The first time I had acupuncture was nine years ago. It's been one of the most effective treatments I've ever had for pain management.
I got my acupuncture tune-up once a month. My naturopath played soft music or nature sounds in a room with the lights dimmed.
She inserted perhaps a couple dozen needles in strategic spots starting with the top of my head, down to the tops of my feet. Needles are placed with precision, and left for under an hour -- usually from five to 20 minutes -- then removed.
Every month, she did the same thing. Every month I would have a different reaction. Some spots stung, some itched. Many of them had no sensation in response to the needles. I'm not even sure if I know where all the needles went because I didn't feel some of them.
For a couple of years, I had an ongoing battle with pain, swelling and inflammation that roamed from one area to another. For a year or so the worst of it was in my arms, upper back and hands.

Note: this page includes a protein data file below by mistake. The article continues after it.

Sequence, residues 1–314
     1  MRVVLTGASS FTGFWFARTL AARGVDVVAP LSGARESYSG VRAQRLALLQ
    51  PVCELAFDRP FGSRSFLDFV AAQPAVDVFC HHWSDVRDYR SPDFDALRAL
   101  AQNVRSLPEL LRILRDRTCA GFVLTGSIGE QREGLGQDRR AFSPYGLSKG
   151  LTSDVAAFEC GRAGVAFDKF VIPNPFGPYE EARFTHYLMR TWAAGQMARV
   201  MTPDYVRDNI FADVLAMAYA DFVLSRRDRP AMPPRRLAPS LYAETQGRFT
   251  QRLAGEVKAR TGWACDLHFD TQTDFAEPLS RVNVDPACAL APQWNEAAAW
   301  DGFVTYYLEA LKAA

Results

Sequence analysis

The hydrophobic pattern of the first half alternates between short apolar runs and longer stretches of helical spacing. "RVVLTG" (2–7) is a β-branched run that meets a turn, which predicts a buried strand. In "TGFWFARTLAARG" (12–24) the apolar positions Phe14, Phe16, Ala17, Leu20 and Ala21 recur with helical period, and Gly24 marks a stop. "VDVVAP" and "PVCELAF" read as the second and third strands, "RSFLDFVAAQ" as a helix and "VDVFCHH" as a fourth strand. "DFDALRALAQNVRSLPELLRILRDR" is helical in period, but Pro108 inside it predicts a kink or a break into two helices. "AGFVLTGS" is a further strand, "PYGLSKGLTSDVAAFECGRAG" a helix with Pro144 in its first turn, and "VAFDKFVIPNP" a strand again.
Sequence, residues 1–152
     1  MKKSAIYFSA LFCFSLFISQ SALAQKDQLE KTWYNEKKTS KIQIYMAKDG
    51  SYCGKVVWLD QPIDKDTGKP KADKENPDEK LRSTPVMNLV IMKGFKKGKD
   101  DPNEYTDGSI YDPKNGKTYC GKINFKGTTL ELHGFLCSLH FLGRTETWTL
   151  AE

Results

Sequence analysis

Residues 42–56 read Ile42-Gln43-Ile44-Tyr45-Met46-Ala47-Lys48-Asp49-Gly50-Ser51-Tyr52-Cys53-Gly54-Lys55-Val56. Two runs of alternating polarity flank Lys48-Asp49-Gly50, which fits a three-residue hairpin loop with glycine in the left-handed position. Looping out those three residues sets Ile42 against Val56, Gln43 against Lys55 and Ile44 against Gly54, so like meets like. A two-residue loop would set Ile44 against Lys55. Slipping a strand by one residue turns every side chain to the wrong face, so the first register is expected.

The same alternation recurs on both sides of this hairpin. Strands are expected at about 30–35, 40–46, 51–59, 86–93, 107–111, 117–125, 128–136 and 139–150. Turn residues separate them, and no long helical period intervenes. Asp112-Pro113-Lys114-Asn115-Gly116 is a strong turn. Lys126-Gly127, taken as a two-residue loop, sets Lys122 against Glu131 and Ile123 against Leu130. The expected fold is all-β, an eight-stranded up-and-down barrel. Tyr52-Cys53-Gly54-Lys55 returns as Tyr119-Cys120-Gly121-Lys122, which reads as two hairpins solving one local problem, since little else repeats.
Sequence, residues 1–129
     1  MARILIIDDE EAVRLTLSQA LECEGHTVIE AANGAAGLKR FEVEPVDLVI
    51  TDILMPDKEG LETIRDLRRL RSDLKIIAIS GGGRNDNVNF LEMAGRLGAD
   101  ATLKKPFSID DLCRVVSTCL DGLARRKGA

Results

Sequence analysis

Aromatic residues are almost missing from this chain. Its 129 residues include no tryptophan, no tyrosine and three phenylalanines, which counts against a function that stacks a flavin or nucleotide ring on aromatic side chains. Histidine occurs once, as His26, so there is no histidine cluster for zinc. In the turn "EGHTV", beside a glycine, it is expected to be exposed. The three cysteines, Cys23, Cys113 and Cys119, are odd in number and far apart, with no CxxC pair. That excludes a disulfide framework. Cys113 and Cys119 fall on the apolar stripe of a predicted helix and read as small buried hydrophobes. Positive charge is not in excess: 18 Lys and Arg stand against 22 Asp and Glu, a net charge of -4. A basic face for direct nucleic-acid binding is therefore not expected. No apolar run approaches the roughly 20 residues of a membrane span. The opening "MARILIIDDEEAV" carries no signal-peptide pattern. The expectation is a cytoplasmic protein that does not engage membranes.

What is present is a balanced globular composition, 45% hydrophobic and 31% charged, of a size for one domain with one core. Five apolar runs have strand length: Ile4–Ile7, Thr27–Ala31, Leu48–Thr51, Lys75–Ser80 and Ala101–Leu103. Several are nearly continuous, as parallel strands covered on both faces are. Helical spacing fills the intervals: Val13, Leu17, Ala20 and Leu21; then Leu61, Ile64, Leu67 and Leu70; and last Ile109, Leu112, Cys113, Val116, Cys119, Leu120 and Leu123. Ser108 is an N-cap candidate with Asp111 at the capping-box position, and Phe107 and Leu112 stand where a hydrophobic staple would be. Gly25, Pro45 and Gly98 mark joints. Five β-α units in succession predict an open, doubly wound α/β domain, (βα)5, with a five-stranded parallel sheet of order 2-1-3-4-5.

By the time I got home after an acupuncture treatment, my pain level was way down. As the month wore on, the pain would gradually increase. Then it was time for another treatment and around we went.
Eventually I realized that I needed a different desk and seating arrangement while working at my computer. But before that mystery was solved, acupuncture was all that was keeping my arms and hands functional.
According to Mayoclinic.org, traditional Chinese medicine affects the flow of qi which is thought to move along meridians or pathways throughout the body.
It's traditional use in the centuries since it originated in China has been to modify and restore the balance of the flow of energy or qi (pronounced chee). Rebalancing is believed to occur when needles are placed strategically.
Acupuncture has been implemented in traditional Chinese medicine for a range of conditions, both physical and emotional. The Western view is more focused on the observable connective tissue, muscles and nerves.
Each practitioner will have their own unique mix of Eastern and Western perspectives.
Response to acupuncture will also be unique to the individual patient.
About Andrew Weil, M.D.
What is acupuncture? Drweil.com. Retrieved Feb. 29, 2016.
Acupuncture. Mayoclinic.org. Retrieved Feb. 29, 2016.